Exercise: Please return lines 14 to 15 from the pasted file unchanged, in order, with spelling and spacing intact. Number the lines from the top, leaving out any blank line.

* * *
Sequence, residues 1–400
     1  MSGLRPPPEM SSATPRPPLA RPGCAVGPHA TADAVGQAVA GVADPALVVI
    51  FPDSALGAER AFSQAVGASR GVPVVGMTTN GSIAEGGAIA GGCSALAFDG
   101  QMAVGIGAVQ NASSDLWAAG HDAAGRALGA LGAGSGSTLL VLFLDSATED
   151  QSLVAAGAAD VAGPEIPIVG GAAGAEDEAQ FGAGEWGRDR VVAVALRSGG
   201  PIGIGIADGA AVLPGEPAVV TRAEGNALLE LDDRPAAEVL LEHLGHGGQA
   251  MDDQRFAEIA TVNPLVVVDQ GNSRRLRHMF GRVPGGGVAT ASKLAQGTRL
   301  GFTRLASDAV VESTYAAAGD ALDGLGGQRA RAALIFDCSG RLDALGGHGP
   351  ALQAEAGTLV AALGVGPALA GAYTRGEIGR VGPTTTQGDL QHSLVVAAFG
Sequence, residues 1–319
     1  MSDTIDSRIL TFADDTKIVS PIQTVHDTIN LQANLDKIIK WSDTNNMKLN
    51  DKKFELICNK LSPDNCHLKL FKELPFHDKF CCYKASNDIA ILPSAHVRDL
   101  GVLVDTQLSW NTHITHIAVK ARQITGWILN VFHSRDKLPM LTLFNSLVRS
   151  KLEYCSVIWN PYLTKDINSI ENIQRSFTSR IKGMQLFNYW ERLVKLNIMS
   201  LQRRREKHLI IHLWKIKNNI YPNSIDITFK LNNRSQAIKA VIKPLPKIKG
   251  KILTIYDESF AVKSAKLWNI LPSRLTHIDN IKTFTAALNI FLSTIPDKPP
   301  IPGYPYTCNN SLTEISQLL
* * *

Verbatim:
   151  KLEYCSVIWN PYLTKDINSI ENIQRSFTSR IKGMQLFNYW ERLVKLNIMS
   201  LQRRREKHLI IHLWKIKNNI YPNSIDITFK LNNRSQAIKA VIKPLPKIKG